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I See God in the Struggling People

Fr. Antonio Espina OFM

I was born on 22nd June 1963 into a Catholic family in the Philippines, in Calbayog City, the province of Samar (approximately 558 km south of Manila). I am the youngest among the five siblings of So Pit Hong, a Chinese merchant from Fujian province, and Aurora Espina a native Filipina. When I was a child, I learned my early catechism from my mother who had devotion to the Holy Eucharist and was a devotee to St. Anthony of Padua. I remember how she raised me to know her patron saint, taught me simple prayers and occasionally brought me with her on pilgrimages to the shrines near our home. Her piety reflected in her image as a good mother in living out her Christian values not only to our family, but to so many people to whom she rendered voluntary services, especially to the least of our neighbors that she would encounter. It was through her religiosity that the seed of my vocation started to sprout and slowly developed my attraction to religious life.

When I was 14 years old, my parents brought me to a secondary Catholic school run by the Franciscan Order in our area. There, my desire to become priest was cultivated as I started to nourish my vocation by joining the group of altar boys. My exposure to different religious organizations was enhanced. And, being involved in many pastoral outreach programs of our parish, my motivation to experience voluntary service with the people was nurtured ?Here, in my early youth I spent most of my leisure time in the field, with different sectors of the community and at the altar of the most Holy Eucharist.

After graduation from the secondary school, a big challenge came to my discernment process when my intention to join religious vocation did not materialize. I opted to continue my baccalaureate degree because my family advised me to undergo a thorough discernment before I proceeded with my religious vocation ?My five years in college helped me discern introspectively, as I continued to join other religious related organizations ?Exposures to the prison, urban poor, hospitals etc. helped me even more widen my horizon to the realities and needs of society. After my studies, I worked as an ordinary employee but took a part time voluntary job as youth animator in our parish.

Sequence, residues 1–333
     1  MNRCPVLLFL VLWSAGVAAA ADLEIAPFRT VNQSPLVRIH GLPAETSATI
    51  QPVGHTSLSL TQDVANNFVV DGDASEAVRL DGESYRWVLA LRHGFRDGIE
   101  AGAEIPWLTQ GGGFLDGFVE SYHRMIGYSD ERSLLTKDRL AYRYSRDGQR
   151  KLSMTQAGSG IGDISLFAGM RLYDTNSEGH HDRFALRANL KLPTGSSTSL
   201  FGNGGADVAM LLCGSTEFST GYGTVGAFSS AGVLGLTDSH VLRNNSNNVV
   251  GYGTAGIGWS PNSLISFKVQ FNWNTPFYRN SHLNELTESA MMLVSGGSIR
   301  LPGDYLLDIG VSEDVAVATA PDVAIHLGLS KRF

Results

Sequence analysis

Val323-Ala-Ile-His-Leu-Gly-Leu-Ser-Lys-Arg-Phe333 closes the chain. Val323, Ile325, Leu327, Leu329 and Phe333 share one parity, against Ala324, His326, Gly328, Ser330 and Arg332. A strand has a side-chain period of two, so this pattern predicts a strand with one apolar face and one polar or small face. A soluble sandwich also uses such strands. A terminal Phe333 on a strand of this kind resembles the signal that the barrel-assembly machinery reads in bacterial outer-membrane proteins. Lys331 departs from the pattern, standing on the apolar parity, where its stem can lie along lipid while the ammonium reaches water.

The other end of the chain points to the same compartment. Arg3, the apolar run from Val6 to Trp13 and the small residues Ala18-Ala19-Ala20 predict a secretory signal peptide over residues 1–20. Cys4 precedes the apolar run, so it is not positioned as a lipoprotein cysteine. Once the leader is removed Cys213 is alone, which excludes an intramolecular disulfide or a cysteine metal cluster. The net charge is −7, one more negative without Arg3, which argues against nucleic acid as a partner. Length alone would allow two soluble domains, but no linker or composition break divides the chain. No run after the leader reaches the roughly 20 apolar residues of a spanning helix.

In the summer of 1990, I finally decided to pursue my religious vocation by joining the religious Order of Friars Minor in our area. Undergoing religious formation made everything clear to me as I did appreciate the calling to follow the foot-steps of our founder. During the seven years of my theological formation, I was given the opportunity to be exposed to different sectors of the society; factory workers, fisher folks, farmers, urban poor and to the “anawim”. My calling was deepen and expressed with much joy, when I saw the real face of God in the struggling people of the society.

On the 25th May 1996, I made my solemn profession as I offered myself entirely to God and to his Church by embracing the evangelical counsels of poverty, chastity and obedience. In the summer of 1999 I was ordained as deacon and was sent to the country side of Cagayan province (approximately 500 km north of Manila) to assist my conferrer in his Parish. There, my first assignment outside the seminary was a great challenge for me to learn new things in my assimilation into the parish and with the people; the words they spoke, the food they ate, and the places where they lived. My immersion in the parish offered new alternatives in relating to the faithful Christians who spent most of their time in the rice fields as they lived piously in their own small communities (Basic Ecclesial Community). Indeed this was a concrete situation of a struggling church that survived. Despite the material poverty; pastoral care, the sacraments and other sacramental services were most needed in elevating the spiritual aspect of their life. Because of the scarcity of priests in our parish and near-by parishes, parochial pastoral outreach left no option, but to visit them regularly with their families. On many occasions, I experienced their generosity in responding to the call to build the kingdom of God by the sharing of their time and efforts for the community. At times they fed us with their harvest, and together we celebrated the many graces and mercy we received from God. During the two years in the parish, God gave me the opportunity to be a witness to the people as his instrument, and to cultivate my priestly vocation. Thus, in the year 2000 I chose to be ordained to the priesthood and continue my work in the parish until I was called to foreign mission.

 

 

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